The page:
It is an agonizing choice, figuring out whether shielding the kids from their past is a better approach, or letting them see their mom and whatever memories that might bring up. I could fully, clearly see it both ways.
Finally in early 2017, after saying no and no and not yet, Jay and I both felt ready. I met one more time with the birth mom, and we set a meeting date.
A day before, after confirming one last time that she really promised she would come, I calmly, casually let the kids know their mom was well enough for a visit. That weekend we met in a San Francisco park. The kids were so excited, and on seeing her they were positively giddy, hugging her and hanging on her, talking a mile a minute. Competing for her attention. It was awkward, but they threw themselves into it. We all managed conversation, or watching the kids play. After an hour or so it was winding down. “When will I see you again,” she asked. “What are you doing next weekend?” Shit. In years and years and months and months of planning, I’d never thought past the first meeting.
We stalled, and the second meeting was about a month later. Again, it was both normal and weird. Their mom brought her dog. We had ice cream. The kids brought her photos and a drawing.
After both visits, the kids seemed quiet, happy, sad, shaken. Shayla, in her typical way, didn’t want to discuss it. Jaden was weepy in class the next week and wanted his “real” mom. Were we undoing years and years of work helping them make a new life?
Then, Shayla announced that she did not want to go to the next visit. “She decided to have us,” she said, “She decided to leave us, and now we just go meet in a park, and…” Shayla couldn’t quite formulate it, but she’s not ready to keep meeting without an explanation, or apology. I told her I think her mom did the very best she could, loves Shayla and Jaden very much, made bad choices because of drugs. But I also told her she could decide whether to go or not. There are enough things in her life so far she’s had no say about. This she can decide.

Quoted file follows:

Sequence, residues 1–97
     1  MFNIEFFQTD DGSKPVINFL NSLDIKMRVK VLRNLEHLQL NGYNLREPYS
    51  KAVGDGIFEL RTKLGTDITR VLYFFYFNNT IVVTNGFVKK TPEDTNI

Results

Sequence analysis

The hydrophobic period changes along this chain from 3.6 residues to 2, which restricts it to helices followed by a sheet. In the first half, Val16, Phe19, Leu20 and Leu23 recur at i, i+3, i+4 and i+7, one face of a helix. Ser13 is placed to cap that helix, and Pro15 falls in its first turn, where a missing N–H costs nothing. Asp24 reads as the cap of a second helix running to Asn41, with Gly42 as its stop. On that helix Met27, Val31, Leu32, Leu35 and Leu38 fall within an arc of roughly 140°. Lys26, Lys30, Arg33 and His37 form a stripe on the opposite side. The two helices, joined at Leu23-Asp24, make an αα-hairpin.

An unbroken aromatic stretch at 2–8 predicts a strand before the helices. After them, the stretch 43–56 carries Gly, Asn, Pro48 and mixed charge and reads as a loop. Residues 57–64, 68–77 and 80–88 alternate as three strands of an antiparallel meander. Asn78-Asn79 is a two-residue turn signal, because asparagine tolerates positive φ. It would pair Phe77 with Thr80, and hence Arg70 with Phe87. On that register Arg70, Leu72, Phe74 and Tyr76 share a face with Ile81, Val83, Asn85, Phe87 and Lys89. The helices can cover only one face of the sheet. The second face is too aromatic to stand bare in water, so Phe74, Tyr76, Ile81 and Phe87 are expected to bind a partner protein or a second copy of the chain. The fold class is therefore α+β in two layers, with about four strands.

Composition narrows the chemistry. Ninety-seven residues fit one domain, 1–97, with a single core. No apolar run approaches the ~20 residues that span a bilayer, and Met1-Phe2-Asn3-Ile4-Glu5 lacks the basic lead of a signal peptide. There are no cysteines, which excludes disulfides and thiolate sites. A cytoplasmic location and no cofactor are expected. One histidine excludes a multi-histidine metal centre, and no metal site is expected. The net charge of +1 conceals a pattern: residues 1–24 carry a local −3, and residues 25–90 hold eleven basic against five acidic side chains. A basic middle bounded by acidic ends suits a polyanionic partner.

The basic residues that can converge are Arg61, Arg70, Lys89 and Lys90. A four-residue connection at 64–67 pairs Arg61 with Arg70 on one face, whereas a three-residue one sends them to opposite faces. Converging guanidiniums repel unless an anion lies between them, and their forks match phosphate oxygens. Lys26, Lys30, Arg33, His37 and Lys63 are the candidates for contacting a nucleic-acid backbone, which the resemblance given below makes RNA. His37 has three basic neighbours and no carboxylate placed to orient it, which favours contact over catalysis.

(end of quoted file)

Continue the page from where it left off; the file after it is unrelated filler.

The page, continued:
We had another visit, just Jaden and his mom. We ate breakfast, Jaden was happy to see her, but the next week or so he was again weepy in school. Am I doing the right thing, or the wrong thing?
Last week, we had our fourth visit. A bit more time had elapsed, and Jaden was asking to see her, though intermittently. Again, Shayla decided not to come. The night before the meeting I can’t sleep, torturing myself: will this ruin Jaden’s life? Am I undoing all the bonding, all the “rebirthing”?
We meet at a skate park, so he can show off his skills. He gets to play with his birth mom’s dog. She lets him look at her phone.
When we’re done we come back to the East Bay, and on a whim I take him to the beach, where he plays soldier. He’s in a fatigue-only dress mode, which can be awkward in peace loving Berkeley, but a guy loves what he loves. He finds a friend and they stage marching and drills up and down the beach for several hours. We get home and he’s exhausted.
As he sleeps I pray I’m making the right choices, that Jaden and his sister can recover from my mistakes, whichever ones I’m making. May knowing their mom give them some peace, or at least not ruin them. Their mom wants to do the right thing for them. I still don’t know what’s the best approach.
I wake up the next morning and my little guy is snuggled up to me. “Mommy,” he calls me, and announces he’s just been born. “Gaa, gaa.”
I’m not under the illusion they won’t ache for their birth mom their whole lives. My own mom has been gone 28 years, and still every few months the phone will ring and I’ll think, “I hope that’s mom.”